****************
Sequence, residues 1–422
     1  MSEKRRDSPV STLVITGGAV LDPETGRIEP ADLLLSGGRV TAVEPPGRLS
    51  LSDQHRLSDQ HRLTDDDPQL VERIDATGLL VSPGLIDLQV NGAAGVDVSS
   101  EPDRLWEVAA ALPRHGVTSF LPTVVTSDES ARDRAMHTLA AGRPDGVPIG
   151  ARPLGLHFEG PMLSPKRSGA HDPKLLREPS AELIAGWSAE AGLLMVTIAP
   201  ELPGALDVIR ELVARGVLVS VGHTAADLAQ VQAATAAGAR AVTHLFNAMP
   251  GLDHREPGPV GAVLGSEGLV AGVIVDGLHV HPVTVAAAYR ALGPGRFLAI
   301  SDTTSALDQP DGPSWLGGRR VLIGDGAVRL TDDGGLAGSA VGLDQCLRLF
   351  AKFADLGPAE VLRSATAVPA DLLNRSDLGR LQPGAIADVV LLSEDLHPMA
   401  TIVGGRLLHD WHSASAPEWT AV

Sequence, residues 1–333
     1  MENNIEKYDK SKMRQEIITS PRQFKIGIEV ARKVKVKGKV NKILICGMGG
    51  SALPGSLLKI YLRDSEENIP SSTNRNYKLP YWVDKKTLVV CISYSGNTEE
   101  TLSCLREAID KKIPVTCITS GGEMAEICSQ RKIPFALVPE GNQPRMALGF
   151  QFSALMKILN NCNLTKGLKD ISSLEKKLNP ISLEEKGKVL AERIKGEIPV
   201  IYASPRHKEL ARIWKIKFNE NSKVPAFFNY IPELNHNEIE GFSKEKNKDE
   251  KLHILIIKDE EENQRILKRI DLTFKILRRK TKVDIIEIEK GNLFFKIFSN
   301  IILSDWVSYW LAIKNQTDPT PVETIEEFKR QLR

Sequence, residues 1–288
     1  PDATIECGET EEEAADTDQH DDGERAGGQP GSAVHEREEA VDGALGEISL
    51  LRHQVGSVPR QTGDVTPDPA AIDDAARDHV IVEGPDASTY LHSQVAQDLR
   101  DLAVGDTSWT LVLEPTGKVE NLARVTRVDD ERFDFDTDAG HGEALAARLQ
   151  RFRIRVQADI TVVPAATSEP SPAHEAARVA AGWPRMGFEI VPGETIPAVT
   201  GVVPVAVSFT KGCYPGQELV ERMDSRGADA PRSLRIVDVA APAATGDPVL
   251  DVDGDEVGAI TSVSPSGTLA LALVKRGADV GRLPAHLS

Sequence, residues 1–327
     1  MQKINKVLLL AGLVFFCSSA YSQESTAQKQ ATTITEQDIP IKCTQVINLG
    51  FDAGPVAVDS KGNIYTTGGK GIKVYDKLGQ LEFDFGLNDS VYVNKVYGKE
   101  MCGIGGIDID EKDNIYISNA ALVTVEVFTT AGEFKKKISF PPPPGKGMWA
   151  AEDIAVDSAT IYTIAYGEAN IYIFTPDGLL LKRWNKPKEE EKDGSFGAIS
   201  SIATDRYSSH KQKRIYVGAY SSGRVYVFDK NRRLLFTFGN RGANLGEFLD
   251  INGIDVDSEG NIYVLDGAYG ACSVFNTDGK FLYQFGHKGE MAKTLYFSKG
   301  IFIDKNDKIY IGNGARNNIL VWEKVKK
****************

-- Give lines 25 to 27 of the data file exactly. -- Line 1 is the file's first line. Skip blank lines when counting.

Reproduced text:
   251  DVDGDEVGAI TSVSPSGTLA LALVKRGADV GRLPAHLS

Sequence, residues 1–327
     1  MQKINKVLLL AGLVFFCSSA YSQESTAQKQ ATTITEQDIP IKCTQVINLG